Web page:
Recruiting Members

  1. Approach close friends and family and ask them to help. People that know you intimately are going to be more inclined to help you at the beginning. Consider asking close friends and family to join as registered members of your organization. Even if they don’t meaningfully contribute, it’ll show future potential members that they aren’t alone in joining your group.
    • Develop a quick pitch that can be delivered in one minute or less. Make sure that you explain your organization’s importance and how you plan to affect change.
  2. Promote your organization online by using social media. Join Facebook groups and follow Twitter hashtags that relate to your organization’s specific goals and overarching issues. This will help you identify people that may be interested in helping and give you an easy platform to promote your group. Encourage people to share your website, and use every opportunity to bring awareness to your topic.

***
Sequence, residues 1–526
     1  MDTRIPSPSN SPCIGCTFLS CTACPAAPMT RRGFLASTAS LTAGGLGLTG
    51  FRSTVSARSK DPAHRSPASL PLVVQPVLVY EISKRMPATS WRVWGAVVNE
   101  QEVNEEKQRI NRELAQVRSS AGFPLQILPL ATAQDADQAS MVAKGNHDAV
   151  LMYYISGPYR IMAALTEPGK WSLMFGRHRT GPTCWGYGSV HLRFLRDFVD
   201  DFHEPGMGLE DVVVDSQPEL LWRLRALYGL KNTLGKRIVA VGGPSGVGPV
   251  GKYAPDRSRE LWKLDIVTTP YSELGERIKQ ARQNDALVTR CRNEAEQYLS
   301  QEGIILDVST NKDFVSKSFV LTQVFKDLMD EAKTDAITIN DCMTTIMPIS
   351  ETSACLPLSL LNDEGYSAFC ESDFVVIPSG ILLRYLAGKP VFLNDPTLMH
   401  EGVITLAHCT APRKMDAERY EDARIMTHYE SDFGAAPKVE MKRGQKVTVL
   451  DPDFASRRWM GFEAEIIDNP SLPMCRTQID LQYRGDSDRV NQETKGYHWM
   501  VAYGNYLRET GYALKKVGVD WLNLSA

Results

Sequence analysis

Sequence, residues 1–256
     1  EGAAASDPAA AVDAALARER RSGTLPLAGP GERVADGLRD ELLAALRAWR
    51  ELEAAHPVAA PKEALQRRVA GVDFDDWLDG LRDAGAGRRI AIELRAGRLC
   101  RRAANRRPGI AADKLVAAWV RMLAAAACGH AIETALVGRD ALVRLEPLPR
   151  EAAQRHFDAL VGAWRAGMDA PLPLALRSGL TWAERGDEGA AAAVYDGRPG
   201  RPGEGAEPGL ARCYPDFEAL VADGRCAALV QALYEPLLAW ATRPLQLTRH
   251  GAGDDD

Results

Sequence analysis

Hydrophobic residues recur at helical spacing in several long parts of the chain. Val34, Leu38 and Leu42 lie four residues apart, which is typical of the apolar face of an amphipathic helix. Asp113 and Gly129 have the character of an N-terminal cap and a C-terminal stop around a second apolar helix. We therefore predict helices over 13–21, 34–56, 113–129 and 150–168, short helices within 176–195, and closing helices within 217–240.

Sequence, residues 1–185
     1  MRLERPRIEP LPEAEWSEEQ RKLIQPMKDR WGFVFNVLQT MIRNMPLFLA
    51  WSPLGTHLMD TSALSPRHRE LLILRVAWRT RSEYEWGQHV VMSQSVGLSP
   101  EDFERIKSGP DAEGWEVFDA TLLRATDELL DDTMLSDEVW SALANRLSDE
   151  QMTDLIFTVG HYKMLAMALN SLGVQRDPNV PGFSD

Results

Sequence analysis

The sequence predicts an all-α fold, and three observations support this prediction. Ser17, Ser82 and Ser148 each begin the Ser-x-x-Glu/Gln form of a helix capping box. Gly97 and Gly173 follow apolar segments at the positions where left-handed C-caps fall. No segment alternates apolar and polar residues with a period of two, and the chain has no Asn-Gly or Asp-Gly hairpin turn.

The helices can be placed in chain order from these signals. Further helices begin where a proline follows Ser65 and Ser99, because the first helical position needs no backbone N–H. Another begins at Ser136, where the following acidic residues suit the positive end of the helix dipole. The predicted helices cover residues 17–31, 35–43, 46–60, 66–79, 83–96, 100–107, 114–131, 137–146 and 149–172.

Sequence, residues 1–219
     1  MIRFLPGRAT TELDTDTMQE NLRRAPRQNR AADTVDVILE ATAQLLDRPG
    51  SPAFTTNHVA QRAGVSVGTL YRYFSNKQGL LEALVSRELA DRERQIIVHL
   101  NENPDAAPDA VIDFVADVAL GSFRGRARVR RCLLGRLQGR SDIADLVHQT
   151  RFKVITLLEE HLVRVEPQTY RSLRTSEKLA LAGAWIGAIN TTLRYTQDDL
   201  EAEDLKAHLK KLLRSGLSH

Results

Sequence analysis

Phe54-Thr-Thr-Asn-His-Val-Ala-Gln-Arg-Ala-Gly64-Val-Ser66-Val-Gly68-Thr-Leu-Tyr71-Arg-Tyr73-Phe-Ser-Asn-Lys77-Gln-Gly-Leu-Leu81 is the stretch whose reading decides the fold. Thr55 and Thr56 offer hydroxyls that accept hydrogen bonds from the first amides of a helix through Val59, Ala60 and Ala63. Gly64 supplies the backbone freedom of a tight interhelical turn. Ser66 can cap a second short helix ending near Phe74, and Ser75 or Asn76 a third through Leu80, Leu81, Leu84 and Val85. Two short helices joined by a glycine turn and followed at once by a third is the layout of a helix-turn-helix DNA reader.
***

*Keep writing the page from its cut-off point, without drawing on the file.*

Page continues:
• A good social media post will start off with a call to action, followed by more specific details about your group. A strong call to action will activate interest in your group’s solution to a problem. “Save the whales!” or, “Don’t you want to improve life here in your city?” are both excellent openers because they provoke the reader to do something.
    • Keep hashtags as short as possible in order to make sure that people remember them. They should include an action, whenever possible. “#StopLittering” is a perfect example of a simple hashtag that demands something from the audience.